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The Making of the Post-Revolutionary State. How similar were the Chinese and Mexican Experiences? By

Hello readers! Today I am sharing an interesting article by Abisai Pérez, a dear friend and esteemed colleague. In this post, Abisai explores and compares how land reform, state ideology and violence played an important role in the making of two post-revolutionary societies, The Mexican (1919-1950) and the Chinese (1949-1970). Check it out!

The Making of the Post-Revolutionary State. How similar were the Chinese and Mexican Experiences?

During the 70´s and 80´s social scientists showed a major interest in comparing revolutionary processes from different geographical and temporal frames. For instance, the classic work of Theda Skocpol highlighted the several similarities between the French, Russian, and Chinese revolutions, by comparing their common causes, the active participation of peasantry, and creation of a centralized state. By recovering Skocpol’s analysis, in the following pages, I will discuss briefly how land reform, state ideology, and violence played an important role in the making of two post-revolutionary societies, the Chinese (1949-1970) and the Mexican (1919-1950). In both countries, the revolutionary elites pursued a massive land reform and used similar strategies to build a strong national state, but the results varied.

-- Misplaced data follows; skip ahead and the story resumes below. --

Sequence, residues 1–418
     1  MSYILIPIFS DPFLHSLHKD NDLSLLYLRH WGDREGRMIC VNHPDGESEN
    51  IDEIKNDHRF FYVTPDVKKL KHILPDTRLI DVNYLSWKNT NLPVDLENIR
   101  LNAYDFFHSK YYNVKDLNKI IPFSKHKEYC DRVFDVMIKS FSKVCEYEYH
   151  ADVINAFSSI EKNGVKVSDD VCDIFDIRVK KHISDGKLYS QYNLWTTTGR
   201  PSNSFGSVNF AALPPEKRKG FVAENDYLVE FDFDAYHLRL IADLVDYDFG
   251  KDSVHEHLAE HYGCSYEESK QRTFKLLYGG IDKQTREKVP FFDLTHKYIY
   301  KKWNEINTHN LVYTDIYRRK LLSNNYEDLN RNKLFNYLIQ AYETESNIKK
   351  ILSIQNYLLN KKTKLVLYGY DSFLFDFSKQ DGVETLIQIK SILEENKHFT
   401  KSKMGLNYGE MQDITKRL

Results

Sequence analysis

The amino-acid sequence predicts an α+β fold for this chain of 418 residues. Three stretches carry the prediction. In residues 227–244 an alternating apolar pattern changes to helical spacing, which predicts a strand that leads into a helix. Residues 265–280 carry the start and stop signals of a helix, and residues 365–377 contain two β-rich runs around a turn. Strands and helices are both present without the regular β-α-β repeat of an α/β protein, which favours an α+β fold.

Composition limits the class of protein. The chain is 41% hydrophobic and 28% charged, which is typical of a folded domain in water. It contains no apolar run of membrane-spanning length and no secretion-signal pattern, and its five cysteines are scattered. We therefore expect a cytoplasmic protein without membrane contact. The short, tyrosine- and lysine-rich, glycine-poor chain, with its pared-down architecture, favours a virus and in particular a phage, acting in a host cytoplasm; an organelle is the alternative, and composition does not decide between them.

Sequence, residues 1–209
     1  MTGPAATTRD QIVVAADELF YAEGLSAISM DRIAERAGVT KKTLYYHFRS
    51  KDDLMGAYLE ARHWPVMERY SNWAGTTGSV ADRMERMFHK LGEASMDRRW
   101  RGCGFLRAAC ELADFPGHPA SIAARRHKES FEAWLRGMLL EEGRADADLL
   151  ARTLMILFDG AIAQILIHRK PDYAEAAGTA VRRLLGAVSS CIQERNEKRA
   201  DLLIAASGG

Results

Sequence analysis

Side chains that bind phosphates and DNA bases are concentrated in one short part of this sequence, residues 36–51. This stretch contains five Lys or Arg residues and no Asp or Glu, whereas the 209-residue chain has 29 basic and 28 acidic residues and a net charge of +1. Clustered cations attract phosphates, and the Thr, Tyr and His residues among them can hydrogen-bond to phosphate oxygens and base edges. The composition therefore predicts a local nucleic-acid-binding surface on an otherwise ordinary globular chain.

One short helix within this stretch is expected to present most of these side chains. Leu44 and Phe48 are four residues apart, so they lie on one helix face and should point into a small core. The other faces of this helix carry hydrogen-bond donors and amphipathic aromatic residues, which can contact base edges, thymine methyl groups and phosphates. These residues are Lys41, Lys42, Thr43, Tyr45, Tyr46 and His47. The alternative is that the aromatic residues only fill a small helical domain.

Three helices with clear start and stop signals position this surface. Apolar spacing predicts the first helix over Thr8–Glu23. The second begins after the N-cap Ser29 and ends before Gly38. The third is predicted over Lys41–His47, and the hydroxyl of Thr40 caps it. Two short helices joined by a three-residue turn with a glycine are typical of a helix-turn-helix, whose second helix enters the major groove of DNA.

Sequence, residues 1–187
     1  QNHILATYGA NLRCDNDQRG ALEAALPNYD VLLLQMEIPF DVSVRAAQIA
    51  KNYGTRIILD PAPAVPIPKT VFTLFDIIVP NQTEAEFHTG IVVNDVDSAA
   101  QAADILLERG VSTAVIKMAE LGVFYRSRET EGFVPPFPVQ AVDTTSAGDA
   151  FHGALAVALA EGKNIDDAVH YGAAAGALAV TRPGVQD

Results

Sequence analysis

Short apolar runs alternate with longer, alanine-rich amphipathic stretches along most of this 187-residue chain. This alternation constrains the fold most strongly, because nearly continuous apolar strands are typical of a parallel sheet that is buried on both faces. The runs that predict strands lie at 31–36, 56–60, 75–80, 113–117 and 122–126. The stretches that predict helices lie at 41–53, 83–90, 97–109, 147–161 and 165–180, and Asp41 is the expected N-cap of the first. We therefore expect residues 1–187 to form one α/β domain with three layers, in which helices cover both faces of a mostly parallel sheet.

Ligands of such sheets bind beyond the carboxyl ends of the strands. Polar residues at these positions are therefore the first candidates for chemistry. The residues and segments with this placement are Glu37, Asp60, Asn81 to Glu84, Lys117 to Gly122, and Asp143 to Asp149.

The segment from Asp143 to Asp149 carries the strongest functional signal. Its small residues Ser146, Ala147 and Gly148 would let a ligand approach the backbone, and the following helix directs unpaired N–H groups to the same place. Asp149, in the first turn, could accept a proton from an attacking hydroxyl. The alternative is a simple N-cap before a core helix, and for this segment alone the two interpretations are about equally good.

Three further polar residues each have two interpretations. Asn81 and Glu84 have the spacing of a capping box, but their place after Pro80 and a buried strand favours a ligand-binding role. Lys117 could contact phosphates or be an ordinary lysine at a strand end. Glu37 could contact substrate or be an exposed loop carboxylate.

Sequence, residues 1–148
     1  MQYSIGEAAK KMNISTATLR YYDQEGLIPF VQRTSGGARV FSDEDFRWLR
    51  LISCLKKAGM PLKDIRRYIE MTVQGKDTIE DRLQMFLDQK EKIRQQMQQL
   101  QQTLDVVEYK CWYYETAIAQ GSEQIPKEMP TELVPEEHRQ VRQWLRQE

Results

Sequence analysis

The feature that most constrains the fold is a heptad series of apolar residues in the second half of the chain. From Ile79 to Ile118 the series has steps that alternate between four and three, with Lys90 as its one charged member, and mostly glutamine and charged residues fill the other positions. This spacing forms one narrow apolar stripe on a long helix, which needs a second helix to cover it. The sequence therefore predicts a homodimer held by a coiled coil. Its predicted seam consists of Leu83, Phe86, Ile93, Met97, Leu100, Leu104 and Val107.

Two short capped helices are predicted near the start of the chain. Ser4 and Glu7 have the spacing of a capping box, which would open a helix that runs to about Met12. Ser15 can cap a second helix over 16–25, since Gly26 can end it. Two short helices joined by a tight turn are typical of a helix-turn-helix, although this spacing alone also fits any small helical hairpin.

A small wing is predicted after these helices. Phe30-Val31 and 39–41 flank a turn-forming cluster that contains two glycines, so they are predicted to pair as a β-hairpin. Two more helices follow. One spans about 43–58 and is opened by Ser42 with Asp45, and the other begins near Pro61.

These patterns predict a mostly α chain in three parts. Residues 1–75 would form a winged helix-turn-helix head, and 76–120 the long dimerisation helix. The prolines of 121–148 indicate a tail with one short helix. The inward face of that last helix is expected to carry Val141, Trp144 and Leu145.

The first great similarity between both cases was the mass mobilization of the peasantry to achieve the military triumph and the implementation of the new revolutionary ideological project, which main goal was land reform. In China, since the beginning of the Civil War (1927), Mao Zedong and his followers in the Chinese Communist Party (CCP) became aware of the political importance of peasantry in the transformation of the nation so they used land reform as an ideological weapon and a war goal. Once Mao proclaimed the People’s Republic of China (PRC) in 1949, the CCP started the entire transformation of the countryside by enforcing land through more aggressive strategies. There was one single objective: to convert China into a socialist society. In Mexico, land reform was also the major concern for revolutionary factions when they mobilized thousands of urban workers and peasants to overthrow the autocratic government of General Porfirio Díaz in 1910. But when the general felt, the different revolutionary leaders began to dispute the political hegemony of the country. For this reason, unlike China, in Mexico each revolutionary faction created its land reform project. While some sought conservative measures that barely disrupted the old status of landlords, others proposed radical ways in search of a complete redistribution of the land. When the moderate liberal faction achieved to dominate the political landscape in 1919, Mexican land reform took the shape of a state-controlled redistribution of land under the institution of the ejido—collective land tenure– which was included as one of the major principles of the new Mexican constitution of 1917 (Agrarian Law, article 27). The objective was to re-institute the traditional communal property that was associated with the ancestral indigenous forms of organization, not to create a new institution.